**In the video below Charlie and Alison are trying to find ways of writing numbers as the sum of consecutive positive numbers.**

Choose some numbers of your own and try to write them as the sum of consecutive positive numbers.

**How many of the numbers from 1 to 30 can you write as the sum of consecutive numbers?**

**Here are some questions you might like to consider:**

What is special about the numbers that can be written as the sum of two consecutive numbers? Why?

What about sums of three consecutive numbers? Four consecutive numbers? Five ...?

What do you notice about the numbers you CANNOT express as the sum of consecutive numbers?

Can you prove any of your findings?

## Comments

### Any odd number can be written

Any odd number can be written as the sum of 2 consecutive numbers, you just half it then use the number 0.5 above and 0.5 below it.

E.G. 33

33/2 = 16.5

33 = 16+17.

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### Powers of 2

Any number can be written as the sum of consecutive positive numbers as long as it always has an odd factor (thus this excludes powers of two). This is because a number is the sum of consecutive numbers if the 'arrangement's' median is a factor of the number. However, if we divide, for example, 28 by 4 then we get 7. The arrangement is then going to have 4 whole numbers, where, for it to work, 7 must be in the very centre, which is impossible as 4 is even. There can be arrangements of 4 numbers (or other powers of 2), but as long as the number we are trying to total is not a multiple of one of these. That is not to say that all multiples of 4 won't work as 28 can be arranged in as the sum of 7 numbers: 1 + 2 + 3 + 4 + 5 + 6 + 7.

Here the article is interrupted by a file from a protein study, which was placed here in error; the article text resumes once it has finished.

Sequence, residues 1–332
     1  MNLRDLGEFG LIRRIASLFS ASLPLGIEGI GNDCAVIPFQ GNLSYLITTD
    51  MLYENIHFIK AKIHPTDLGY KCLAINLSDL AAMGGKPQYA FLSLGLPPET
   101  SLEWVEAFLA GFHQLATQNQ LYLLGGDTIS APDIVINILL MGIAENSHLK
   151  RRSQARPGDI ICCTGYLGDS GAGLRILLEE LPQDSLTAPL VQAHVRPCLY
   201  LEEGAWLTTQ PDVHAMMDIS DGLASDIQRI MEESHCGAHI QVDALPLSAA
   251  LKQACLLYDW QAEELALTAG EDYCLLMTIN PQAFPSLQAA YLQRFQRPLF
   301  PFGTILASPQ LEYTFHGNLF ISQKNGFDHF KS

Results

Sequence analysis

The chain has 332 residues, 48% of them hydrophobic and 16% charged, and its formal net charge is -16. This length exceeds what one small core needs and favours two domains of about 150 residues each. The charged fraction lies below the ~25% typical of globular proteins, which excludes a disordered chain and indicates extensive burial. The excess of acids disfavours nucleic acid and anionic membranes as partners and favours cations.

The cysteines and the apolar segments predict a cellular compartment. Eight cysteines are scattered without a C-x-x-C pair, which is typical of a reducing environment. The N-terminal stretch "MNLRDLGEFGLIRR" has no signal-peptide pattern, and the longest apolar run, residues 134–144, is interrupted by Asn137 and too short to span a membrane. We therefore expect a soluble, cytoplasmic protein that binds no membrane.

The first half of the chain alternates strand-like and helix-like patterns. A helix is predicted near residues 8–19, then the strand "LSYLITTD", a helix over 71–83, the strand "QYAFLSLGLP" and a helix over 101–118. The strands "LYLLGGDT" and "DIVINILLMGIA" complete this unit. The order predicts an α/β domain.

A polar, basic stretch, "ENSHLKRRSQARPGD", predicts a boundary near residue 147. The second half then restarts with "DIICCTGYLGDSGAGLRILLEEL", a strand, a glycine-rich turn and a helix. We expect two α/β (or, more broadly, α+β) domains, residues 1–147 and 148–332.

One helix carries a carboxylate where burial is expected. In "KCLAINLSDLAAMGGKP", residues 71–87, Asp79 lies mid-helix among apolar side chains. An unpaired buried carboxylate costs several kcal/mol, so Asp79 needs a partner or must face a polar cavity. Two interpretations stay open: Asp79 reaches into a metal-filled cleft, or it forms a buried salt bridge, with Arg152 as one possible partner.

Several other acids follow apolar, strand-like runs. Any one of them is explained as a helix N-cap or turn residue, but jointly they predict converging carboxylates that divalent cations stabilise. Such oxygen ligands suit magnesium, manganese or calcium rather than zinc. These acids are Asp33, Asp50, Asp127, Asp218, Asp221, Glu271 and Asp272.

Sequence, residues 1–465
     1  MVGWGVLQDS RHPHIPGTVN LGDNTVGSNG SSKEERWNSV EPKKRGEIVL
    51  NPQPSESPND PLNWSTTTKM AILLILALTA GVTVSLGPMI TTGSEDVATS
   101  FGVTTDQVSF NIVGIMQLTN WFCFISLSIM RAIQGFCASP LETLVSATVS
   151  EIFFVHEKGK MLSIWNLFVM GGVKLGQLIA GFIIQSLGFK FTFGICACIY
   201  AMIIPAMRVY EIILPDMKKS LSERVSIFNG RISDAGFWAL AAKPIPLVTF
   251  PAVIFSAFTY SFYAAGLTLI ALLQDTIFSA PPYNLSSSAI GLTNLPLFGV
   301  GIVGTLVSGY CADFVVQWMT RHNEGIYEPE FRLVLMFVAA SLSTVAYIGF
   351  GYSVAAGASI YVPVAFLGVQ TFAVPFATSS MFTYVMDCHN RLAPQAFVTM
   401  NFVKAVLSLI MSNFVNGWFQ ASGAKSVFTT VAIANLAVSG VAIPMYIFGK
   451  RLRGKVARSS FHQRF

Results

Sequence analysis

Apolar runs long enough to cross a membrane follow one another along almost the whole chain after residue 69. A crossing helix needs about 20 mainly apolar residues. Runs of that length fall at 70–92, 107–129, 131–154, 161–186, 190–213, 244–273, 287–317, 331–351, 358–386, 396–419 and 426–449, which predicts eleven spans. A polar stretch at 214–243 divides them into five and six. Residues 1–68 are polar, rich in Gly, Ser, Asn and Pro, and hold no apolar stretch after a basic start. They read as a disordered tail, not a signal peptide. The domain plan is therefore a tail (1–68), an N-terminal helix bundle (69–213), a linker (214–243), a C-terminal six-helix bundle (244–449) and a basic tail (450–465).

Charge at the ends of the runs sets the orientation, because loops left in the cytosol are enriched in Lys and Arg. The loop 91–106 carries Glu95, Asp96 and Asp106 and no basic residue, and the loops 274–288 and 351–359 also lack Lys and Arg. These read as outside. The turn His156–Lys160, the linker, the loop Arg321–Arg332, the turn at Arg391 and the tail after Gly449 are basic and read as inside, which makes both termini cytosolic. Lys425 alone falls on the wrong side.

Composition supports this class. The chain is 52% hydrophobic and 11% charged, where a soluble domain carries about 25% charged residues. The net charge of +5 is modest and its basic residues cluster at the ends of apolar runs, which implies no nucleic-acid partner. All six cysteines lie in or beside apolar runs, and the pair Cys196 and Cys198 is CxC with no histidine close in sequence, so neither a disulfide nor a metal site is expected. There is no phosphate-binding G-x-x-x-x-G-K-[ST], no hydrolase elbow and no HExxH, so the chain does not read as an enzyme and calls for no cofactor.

So basically if a number has no odd factors then it can not be represented as the sum of consecutive numbers. There is, of course, another question of whether these numbers are infinite in quantity, and if it goes for any power of two. Obviously, the powers of two are infinite and as their prime decomposition will be 2 to some power then we can see that any factor must therefore be a power of 2 (being made up of the original number's prime factors only). So in fact any power of two can not be made as the sum of consecutive numbers.

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### Impossible numbers

We found out that you cannot do 1, 2, 4, 8 or 16 in our investigation and we also worked out that this is because if you double 1, you get 2 and if you double 2 you get 4, etc.

We predict that you won't be able to find the numbers 32, 64, 128 and 256 because you keep doubling the number.

Eli, James, Charlie, George - Year 3, St Francis CE Primary School

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### Impossible numbers

Does everyone agree?

If so, can anyone explain why powers of $2$ $(2^0, 2^1, 2^2, 2^3, 2^4...)$ cannot be written as the sum of consecutive numbers?

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